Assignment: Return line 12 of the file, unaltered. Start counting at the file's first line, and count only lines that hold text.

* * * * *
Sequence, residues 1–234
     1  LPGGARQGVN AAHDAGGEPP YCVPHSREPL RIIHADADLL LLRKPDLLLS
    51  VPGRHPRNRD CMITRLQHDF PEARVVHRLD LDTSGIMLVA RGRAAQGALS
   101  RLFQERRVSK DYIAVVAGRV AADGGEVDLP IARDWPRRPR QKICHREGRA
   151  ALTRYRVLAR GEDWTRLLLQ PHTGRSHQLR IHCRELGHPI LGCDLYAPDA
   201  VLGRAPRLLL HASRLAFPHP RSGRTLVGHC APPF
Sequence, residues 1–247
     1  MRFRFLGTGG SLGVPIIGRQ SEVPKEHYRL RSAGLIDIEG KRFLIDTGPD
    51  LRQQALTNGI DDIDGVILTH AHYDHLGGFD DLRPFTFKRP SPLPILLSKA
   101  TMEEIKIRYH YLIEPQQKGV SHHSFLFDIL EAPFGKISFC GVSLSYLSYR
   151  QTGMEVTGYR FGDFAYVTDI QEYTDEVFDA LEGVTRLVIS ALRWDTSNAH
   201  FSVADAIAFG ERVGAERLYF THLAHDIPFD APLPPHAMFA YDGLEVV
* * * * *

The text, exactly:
   201  FSVADAIAFG ERVGAERLYF THLAHDIPFD APLPPHAMFA YDGLEVV